The views expressed herein have not been approved by the House of Delegates or the Board of Governors of the American Bar Association, and accordingly, should not be construed as representing the policy of the American Bar Association.
Commitment to family is both a driving force and source of hardship for Latino immigrants, according to a Florida State University researcher.
Threats to familismo—deeply held cultural beliefs about the centrality of family in daily life—are often a major source of stress for immigrants and can have a negative impact on their overall health and well-being as they move forward in a new country.
Joseph Grzywacz, the Norejane Hendrickson professor of Family and Child Sciences at Florida State, outlined those findings in an article that will be published in Cultural Diversity and Ethnic Minority Psychology.
“Immigrants to the U.S. confront many difficulties,” Grzywacz said. “Whether these difficulties produce health problems depends, at least in part, on whether you were prepared for some of those situations. The reason we care about those challenges is because it starts to unpack the black box on why some immigrants do well and others don’t.”
Grzywacz and his colleagues conducted interviews with 16 focus groups in Hispanic communities in California and Massachusetts. There were 93 total participants between the ages of 18 and 67. Fifty-two percent of the participants were male; 48 percent were female. Of that group, 59 percent spoke primarily Spanish and the majority of the sample (71 percent) had children.
They found an array of stressors related to competing threats to family, which they called “ambivalence.”
Across the different focus groups, improving the family’s quality of life was a main reason for migrating to the United States. But, many did not anticipate the negatives associated with it, such as the pain of parenting long distance during temporary separations.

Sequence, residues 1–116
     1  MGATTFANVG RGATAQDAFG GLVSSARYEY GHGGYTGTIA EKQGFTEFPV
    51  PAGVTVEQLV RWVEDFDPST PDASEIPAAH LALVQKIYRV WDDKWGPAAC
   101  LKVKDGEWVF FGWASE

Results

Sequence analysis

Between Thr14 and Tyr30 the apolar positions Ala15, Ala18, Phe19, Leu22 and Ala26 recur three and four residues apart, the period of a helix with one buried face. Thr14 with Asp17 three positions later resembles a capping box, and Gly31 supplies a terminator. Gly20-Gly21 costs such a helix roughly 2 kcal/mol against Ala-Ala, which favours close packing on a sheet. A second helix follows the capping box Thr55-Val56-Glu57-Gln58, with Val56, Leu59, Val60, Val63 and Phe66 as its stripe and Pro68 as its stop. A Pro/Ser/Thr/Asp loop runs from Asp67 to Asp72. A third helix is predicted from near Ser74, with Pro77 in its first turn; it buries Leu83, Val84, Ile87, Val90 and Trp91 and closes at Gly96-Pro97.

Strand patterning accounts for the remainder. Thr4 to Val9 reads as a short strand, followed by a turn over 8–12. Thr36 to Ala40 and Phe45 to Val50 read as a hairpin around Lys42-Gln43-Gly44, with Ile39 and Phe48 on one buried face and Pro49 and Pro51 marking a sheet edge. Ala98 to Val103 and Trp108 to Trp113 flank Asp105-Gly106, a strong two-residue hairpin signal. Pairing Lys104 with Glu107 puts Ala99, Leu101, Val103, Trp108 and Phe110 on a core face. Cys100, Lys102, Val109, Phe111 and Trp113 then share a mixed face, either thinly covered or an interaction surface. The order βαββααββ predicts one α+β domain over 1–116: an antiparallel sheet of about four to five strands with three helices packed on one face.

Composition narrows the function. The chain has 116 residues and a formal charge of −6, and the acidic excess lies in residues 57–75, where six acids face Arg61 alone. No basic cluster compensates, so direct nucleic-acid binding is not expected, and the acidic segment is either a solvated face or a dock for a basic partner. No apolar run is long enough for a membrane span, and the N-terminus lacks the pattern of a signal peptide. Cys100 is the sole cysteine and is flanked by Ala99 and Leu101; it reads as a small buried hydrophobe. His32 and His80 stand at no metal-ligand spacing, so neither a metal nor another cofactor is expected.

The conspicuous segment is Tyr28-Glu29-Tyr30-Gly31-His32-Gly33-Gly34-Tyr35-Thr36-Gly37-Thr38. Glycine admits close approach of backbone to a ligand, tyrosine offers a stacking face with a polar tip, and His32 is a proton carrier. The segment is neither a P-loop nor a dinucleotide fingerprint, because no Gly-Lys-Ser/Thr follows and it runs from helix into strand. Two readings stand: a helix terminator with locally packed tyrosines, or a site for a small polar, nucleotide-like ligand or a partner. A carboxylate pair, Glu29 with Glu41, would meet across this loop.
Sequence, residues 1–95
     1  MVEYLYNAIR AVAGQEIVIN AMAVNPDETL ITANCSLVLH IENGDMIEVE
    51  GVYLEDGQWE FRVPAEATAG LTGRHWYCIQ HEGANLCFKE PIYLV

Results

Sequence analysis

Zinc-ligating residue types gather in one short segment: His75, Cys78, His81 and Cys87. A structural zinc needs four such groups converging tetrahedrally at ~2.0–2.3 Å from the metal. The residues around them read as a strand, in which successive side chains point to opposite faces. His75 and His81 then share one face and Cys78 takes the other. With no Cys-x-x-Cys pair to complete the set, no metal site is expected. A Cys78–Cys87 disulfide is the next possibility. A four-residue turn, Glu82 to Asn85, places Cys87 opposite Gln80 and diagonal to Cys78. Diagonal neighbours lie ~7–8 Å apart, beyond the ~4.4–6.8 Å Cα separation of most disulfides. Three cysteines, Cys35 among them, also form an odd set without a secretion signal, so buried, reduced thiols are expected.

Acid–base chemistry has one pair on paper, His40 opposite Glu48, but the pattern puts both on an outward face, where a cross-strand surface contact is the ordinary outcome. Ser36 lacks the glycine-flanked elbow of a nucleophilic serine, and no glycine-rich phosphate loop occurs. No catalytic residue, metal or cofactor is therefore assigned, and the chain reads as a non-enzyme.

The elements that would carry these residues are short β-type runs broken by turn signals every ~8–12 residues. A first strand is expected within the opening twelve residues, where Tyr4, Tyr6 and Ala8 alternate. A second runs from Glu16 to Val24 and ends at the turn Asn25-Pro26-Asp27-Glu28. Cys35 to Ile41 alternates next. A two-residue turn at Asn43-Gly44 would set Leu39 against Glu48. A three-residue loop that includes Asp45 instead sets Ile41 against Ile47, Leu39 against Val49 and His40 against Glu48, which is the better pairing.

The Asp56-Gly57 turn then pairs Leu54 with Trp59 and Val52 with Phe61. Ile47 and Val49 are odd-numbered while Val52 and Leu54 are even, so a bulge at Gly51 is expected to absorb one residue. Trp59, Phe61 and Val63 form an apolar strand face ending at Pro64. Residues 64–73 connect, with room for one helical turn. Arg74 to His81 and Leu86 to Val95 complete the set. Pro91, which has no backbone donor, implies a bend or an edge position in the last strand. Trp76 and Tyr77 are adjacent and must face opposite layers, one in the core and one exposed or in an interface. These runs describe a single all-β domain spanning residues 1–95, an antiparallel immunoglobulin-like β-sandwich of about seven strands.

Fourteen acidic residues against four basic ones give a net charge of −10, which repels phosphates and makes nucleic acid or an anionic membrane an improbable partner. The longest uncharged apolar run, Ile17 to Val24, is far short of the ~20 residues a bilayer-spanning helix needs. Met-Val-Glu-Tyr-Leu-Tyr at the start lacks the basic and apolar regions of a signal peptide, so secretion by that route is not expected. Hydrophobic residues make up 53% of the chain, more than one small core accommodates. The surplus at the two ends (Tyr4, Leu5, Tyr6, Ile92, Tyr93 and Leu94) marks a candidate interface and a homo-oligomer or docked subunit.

Participants also expressed frustration with children not appreciating the sacrifices made to live in the United States and also noted that there were forced shifts in core cultural values following migration. For example, in many participants’ home countries, women were stay-at-home mothers. When they migrated, economic necessity demanded that mothers work, causing major changes in mother-child and husband-wife dynamics.
While dual-earner homes are the norm in the United States, immigrant families have little experience with this arrangement and few role models to follow.
“Immigrants often move to help the family, but then see the negatives it has on the family unit,” Grzywacz said. “The reality of ‘I have to help my family by potentially hurting them’ can have long-term consequences.”
Grzywacz noted that the big picture concern for this population group is how these stressors will affect the overall health of immigrant families. Researchers found that if immigrants were more mentally prepared for some of these challenges, they tended to handle the stress better.
“This information gives us ideas for interventions when an individual or family is struggling,” Grzywacz added.
Grzywacz, who is now the chair of the Department of Family and Child Sciences at FSU, completed much of the work while on faculty at Oklahoma State University.